Archive for February, 2011

Social Media’s Impact on Today’s Revolutions

Hosni Mubarak is not likely a household name in the bayous of south Louisiana or the cotton fields of north Louisiana. But his recent demise as president of Egypt should be a lesson worth considering for the Pelican state.

It is widely acknowledged that social media – primarily Facebook and You Tube – helped spread a message and drive the revolt that forced Mubarak from office after a 30-year rule. Similarly, Louisianans who are tired of crony politicians, especially at the local level (think school boards and police juries) could use a similar approach to finally force local Louisiana politicians to focus on doing their jobs instead trying to keep their jobs. Certainly, making generalizations about a class of people (local politicians in this case) can be dangerous and certainly, Louisiana has well-meaning citizen-legislators. But something must change at the local level if our great state is going to thrive over the long-term. For example, if you’re tired of our schools being ranked at or near the bottom of the southern and national rankings, then speak out – use the tools at your disposal – hold school board members accountable. Make them understand their roles are to protect and promote our students not themselves.

Remember, all politics is local. And social.

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Teacher Tenure

I can’t believe I’m writing this because two of my sisters are educators and so is my mother.  But I am.  I’m wading into the education reform debate and specifically teacher tenure.  As a general concept, it’s a bad idea.  There are no rewards for excellence and no consequences for failure. Our children deserve better than that outdated, union building concept.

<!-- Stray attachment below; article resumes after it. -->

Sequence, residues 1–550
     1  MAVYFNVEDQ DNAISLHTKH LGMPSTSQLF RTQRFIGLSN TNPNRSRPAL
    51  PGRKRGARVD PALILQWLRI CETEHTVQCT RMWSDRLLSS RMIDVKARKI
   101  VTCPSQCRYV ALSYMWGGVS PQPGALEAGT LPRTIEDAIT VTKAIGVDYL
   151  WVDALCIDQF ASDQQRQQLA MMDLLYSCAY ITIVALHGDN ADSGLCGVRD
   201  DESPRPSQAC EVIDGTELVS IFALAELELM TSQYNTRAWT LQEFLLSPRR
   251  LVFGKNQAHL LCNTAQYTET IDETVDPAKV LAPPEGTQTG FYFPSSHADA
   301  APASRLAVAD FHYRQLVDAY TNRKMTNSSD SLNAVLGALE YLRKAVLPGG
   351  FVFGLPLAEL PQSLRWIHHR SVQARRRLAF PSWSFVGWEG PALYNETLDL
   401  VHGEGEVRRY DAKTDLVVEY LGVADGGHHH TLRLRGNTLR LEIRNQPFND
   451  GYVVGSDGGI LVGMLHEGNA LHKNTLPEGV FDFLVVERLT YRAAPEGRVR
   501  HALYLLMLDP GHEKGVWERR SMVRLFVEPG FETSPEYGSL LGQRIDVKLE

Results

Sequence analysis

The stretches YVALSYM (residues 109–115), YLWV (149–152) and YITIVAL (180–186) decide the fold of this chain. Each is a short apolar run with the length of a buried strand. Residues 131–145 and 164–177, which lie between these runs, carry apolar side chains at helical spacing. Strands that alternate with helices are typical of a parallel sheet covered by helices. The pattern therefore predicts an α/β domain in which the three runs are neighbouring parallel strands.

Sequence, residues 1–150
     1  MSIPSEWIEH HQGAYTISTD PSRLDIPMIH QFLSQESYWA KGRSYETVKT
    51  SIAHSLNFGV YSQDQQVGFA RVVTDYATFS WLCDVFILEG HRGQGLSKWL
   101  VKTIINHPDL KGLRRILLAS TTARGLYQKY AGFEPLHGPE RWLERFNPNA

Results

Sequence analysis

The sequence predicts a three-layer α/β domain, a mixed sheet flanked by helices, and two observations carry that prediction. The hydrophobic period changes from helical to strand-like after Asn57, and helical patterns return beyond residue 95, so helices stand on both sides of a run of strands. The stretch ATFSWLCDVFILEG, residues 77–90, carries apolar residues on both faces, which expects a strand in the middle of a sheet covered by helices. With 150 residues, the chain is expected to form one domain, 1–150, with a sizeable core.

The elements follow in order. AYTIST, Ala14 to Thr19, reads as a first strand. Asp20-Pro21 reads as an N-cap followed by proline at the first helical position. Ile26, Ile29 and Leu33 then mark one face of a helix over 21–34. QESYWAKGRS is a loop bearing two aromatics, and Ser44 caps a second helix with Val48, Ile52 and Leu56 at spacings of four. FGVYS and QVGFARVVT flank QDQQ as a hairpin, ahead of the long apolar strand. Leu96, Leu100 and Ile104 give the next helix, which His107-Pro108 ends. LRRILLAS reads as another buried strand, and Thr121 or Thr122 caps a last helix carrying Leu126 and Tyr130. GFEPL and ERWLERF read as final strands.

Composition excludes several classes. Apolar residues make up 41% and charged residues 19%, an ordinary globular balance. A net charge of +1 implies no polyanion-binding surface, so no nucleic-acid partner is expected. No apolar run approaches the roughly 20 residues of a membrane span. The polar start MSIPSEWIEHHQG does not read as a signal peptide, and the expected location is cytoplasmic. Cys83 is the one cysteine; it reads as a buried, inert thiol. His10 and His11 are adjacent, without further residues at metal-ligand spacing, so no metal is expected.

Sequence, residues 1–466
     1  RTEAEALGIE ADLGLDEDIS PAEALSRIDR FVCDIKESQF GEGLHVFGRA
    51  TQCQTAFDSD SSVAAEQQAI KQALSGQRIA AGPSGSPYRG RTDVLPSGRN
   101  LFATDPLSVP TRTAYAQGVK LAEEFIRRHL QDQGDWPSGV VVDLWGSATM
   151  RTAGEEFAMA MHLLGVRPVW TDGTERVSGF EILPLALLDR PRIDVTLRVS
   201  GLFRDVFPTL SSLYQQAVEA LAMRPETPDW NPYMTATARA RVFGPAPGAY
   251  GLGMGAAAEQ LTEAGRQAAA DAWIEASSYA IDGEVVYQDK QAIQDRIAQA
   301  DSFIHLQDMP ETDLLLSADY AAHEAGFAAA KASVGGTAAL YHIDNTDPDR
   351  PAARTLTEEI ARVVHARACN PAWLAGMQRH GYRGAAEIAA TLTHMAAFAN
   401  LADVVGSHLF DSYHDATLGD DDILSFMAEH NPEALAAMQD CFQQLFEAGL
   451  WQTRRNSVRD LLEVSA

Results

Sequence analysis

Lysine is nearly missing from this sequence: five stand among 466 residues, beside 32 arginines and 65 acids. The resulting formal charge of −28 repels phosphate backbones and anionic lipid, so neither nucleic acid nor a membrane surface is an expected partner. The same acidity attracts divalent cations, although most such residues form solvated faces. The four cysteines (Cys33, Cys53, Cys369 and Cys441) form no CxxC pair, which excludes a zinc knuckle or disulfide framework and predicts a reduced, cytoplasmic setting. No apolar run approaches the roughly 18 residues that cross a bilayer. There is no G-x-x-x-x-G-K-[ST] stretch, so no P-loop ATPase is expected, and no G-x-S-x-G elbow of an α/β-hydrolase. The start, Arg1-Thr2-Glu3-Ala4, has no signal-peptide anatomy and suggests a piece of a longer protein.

However, before all the teachers gang-tackle me for my “ill-informed, misguided attempt at sounding smart”, let me say this.  Most teachers, on an individual basis, are awesome.  They care about their students, they care about the institution, and they care about educating.

Unfortunately, they are hamstrung by a federal bureaucracy that requires mediocrity, forbids creativity, and mandates that national student testing is the only way to measure teachers.  The union leadership loves this because it keeps them in power where they can negotiate “benefits”.  The teachers hate the testing but love the security.  Everyone suffers as a result.  We suck in math and science.  Even physical education (PE) is on a precarious path as school districts across the country are eliminating or limiting these programs.  No wonder we have a childhood obesity problem, but that’s a subject for another post.

Bottom line, unless and until the children come first, our education system will continue to fall behind the rest of the world.